“We believe in the approach being taken by the Vice President. There is no one answer to preventing gun violence. It is a complex problem that deserves a comprehensive set of solutions,” said Gross. “The recommendations we are presenting to the White House reflect what we believe are the changes that can have the biggest impact right away. We cannot wait any longer. The American public wants this conversation to be taking place, but more importantly, they want action. We believe that as a nation we are better than this, and our recommendations can make a real difference.”

 

Brady Campaign Platform for Reducing Gun Violence in America

The Brady Campaign to Prevent Gun Violence believes in a comprehensive approach to reducing gun violence in our nation, including both

  • policy to keep guns out of the hands of criminals and other dangerous people,
  • and public health and safety programs to inspire safer attitudes and behaviors around the 300 million guns in our homes and communities.

We believe the passionate and sustained voice of the American public is essential to creating meaningful change in these areas. Our goal is to bring that voice to bear in order to make this the better, safer nation we all want and deserve.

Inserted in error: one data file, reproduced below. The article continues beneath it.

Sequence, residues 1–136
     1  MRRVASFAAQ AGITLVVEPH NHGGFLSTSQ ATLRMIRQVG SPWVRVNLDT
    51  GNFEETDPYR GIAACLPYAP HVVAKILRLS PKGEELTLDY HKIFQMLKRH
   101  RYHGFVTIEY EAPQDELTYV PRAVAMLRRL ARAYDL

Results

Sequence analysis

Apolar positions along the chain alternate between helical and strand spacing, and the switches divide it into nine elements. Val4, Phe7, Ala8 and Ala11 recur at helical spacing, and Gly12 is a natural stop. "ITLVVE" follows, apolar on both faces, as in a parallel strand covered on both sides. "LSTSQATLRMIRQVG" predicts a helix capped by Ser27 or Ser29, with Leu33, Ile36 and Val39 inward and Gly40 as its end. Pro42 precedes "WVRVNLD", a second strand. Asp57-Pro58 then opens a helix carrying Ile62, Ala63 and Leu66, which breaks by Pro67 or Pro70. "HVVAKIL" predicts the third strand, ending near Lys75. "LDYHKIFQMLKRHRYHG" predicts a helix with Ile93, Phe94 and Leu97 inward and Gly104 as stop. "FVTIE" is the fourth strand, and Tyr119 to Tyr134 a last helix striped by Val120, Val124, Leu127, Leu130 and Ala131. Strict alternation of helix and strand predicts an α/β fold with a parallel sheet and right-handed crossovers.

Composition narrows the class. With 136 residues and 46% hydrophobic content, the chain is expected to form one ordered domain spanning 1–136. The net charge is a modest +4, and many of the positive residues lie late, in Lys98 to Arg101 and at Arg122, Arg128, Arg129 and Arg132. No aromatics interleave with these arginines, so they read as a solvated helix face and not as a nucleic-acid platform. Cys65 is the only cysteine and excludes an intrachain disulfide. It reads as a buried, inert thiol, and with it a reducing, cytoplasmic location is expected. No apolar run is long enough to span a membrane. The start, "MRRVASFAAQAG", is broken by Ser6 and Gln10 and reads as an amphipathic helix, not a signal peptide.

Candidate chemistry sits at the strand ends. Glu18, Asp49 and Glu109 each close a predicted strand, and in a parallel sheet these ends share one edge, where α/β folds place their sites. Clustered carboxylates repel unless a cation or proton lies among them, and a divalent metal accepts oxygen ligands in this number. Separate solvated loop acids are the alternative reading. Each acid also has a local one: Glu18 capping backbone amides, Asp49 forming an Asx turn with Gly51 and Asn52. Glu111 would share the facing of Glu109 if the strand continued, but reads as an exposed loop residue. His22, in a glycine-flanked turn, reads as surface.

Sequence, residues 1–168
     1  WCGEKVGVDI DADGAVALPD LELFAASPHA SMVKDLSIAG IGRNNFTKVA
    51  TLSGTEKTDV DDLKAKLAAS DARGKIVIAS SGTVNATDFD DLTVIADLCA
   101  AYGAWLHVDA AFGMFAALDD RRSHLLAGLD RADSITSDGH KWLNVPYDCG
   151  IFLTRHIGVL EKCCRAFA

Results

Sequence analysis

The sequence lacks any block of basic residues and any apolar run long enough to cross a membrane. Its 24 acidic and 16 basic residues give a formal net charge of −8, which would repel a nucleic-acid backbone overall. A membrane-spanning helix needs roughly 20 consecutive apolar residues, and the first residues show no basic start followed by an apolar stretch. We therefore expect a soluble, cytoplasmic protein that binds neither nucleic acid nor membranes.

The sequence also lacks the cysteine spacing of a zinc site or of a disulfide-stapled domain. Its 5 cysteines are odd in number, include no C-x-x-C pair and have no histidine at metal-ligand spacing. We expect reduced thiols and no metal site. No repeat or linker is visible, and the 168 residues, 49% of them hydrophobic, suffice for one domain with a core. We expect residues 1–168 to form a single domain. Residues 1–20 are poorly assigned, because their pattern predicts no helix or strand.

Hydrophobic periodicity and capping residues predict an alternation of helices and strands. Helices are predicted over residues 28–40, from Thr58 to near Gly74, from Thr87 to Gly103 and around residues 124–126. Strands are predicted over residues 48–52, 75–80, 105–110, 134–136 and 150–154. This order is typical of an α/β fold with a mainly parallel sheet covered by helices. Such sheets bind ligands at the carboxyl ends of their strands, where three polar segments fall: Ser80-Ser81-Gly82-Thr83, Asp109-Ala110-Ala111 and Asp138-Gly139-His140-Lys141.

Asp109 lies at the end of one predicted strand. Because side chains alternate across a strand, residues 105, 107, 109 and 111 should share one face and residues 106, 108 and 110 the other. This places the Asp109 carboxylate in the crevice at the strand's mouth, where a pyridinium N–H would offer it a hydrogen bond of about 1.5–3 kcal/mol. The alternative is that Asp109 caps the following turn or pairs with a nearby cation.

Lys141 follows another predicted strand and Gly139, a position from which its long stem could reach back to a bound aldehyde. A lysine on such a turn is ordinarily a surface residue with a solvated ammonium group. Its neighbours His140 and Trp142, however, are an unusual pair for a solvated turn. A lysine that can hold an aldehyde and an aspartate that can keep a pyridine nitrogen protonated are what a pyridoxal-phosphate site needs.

• 1. We call on elected leaders to support a policy platform that addresses the broad gun violence problem and is driven by the opportunity to save the most lives. Every death is a tragedy, whether in a mass shooting that horrifies our entire nation, or one of the 32 gun murders or 90 gun deaths in our communities and homes every day. We applaud the Obama Administration and others at the federal and state level who are leading a policy conversation based on our common goals and values, avoiding the usual, divisive political debate. Policies such as “universal background checks” on all gun sales would keep guns out of the hands of felons, domestic abusers, the dangerously mentally ill and other illegal purchasers without impacting anyone else’s Second Amendment right to own guns. Background checks are supported by the overwhelming majority of Americans, including gun owners -- and they would make us all safer. Let's start there.